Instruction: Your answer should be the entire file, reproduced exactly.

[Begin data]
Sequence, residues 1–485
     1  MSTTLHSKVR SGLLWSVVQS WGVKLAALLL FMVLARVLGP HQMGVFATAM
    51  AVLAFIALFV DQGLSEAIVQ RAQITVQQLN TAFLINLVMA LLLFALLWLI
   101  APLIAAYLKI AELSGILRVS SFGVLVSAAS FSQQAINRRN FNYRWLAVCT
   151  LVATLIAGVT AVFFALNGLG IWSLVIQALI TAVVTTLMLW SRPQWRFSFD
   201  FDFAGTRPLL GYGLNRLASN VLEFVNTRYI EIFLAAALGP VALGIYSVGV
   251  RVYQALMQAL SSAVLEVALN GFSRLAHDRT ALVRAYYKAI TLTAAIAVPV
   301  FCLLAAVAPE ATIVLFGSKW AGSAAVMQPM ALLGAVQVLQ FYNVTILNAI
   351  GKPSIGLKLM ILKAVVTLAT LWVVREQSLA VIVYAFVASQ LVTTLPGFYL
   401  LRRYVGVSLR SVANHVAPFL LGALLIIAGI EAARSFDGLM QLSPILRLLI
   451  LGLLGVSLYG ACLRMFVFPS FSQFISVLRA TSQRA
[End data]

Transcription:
Sequence, residues 1–485
     1  MSTTLHSKVR SGLLWSVVQS WGVKLAALLL FMVLARVLGP HQMGVFATAM
    51  AVLAFIALFV DQGLSEAIVQ RAQITVQQLN TAFLINLVMA LLLFALLWLI
   101  APLIAAYLKI AELSGILRVS SFGVLVSAAS FSQQAINRRN FNYRWLAVCT
   151  LVATLIAGVT AVFFALNGLG IWSLVIQALI TAVVTTLMLW SRPQWRFSFD
   201  FDFAGTRPLL GYGLNRLASN VLEFVNTRYI EIFLAAALGP VALGIYSVGV
   251  RVYQALMQAL SSAVLEVALN GFSRLAHDRT ALVRAYYKAI TLTAAIAVPV
   301  FCLLAAVAPE ATIVLFGSKW AGSAAVMQPM ALLGAVQVLQ FYNVTILNAI
   351  GKPSIGLKLM ILKAVVTLAT LWVVREQSLA VIVYAFVASQ LVTTLPGFYL
   401  LRRYVGVSLR SVANHVAPFL LGALLIIAGI EAARSFDGLM QLSPILRLLI
   451  LGLLGVSLYG ACLRMFVFPS FSQFISVLRA TSQRA